CRISPR/Cas9 tech and gene editing has emerged as a hot field in biotech, spurring a full slate of startups. Now one of the pioneers in the field has supervised a project that points to a more efficient use of technology in editing T cells.
Gene editing essentially involves doing surgery on DNA. The Cas9 enzyme is used as the blade, making the cut that can be used to insert new code. Working in a lab dish, Kathrin Schumann and Steven Lin assembled Cas9 ribonucleoproteins (RNPs) and then delivered them into the T cell after exposing them to an electrical field, making them more permeable.
By assembling the RNPs in advance, the team notes, they were able to more efficiently edit out CXCR4, which HIV uses to enter T cells, and PD-1, which cancer cells block in order to escape detection by the human immune system. Both are major targets in the drug development field.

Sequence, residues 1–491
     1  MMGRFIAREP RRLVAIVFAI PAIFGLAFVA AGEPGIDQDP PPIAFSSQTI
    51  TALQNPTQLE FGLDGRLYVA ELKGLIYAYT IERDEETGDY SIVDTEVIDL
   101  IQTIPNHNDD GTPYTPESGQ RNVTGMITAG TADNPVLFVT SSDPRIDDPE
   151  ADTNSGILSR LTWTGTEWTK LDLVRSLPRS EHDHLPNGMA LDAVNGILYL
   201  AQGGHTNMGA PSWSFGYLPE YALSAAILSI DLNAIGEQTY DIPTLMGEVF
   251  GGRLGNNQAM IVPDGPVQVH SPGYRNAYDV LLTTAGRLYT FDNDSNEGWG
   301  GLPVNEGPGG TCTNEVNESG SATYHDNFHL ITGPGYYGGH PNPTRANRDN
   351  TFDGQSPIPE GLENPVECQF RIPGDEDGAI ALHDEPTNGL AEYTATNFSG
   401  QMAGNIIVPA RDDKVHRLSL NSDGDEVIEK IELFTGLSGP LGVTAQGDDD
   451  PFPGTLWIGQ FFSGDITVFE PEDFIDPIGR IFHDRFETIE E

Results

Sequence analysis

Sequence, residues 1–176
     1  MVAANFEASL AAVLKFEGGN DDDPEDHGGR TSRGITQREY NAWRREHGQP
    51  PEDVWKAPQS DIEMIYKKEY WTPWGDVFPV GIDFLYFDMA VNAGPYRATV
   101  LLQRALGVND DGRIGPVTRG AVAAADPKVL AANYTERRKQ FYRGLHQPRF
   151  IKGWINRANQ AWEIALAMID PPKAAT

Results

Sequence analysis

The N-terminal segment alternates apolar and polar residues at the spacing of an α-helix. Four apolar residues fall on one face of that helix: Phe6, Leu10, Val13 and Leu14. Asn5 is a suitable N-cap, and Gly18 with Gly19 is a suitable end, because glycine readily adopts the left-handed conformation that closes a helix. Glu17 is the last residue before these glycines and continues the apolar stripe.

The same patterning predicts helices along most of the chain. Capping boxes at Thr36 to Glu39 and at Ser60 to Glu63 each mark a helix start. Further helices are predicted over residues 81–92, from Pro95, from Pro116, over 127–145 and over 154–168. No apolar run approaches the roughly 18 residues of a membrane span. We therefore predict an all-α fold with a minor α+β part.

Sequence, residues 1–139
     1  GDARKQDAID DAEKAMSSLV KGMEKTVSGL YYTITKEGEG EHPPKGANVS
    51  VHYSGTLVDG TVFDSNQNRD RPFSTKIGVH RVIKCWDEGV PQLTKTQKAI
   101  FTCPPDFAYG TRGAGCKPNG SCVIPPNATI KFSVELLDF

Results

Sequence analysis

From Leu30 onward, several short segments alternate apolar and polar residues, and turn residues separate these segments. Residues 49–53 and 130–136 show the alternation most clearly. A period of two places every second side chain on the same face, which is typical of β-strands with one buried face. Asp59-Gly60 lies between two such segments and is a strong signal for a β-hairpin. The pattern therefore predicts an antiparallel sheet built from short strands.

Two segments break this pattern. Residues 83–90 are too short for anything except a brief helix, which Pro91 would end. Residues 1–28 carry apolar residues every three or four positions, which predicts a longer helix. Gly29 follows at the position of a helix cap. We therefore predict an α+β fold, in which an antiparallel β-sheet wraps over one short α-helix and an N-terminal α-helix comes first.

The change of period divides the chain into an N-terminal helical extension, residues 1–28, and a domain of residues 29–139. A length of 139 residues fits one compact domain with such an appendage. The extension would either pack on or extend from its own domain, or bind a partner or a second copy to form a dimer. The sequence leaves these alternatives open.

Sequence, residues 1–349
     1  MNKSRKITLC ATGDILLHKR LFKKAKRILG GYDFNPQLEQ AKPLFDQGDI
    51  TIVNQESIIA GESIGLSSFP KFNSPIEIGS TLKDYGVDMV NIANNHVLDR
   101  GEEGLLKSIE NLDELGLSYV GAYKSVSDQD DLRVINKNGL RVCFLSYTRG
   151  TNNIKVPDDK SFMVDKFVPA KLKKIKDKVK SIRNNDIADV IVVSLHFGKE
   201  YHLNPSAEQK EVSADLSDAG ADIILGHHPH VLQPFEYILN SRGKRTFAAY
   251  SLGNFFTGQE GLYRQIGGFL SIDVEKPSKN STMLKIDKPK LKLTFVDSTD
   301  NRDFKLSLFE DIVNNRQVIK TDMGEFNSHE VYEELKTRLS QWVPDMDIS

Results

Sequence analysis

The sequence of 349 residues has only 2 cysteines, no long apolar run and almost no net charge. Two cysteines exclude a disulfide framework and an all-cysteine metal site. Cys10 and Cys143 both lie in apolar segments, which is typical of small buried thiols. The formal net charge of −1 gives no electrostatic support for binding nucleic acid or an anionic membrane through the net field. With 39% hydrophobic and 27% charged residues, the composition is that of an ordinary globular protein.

"We tried for a long time to introduce Cas9 with plasmids or lentiviruses, and then to express separately the single-guide RNA in the cell," Schumann said. "Using RNPs made outside the cell, so that the cell is responsible for as little of the process as possible, has made a big difference."
Their work was overseen by the Innovative Genomics Initiative, which is a joint project undertaken by Berkeley and UCSF. Berkeley professor Jennifer Doudna, a pioneer behind CRISPR/Cas9 who founded Caribou Biosciences and outlicensed the tech to other biotechs, helped supervise along with Jonathan Weissman.
"Genome editing in human T cells has been a notable challenge for the field," says Alexander Marson, a senior author on the study. "So we spent the past year and a half trying to optimize editing in functional T cells. There are a lot of potential therapeutic applications, and we want to make sure we're driving this as hard as we can."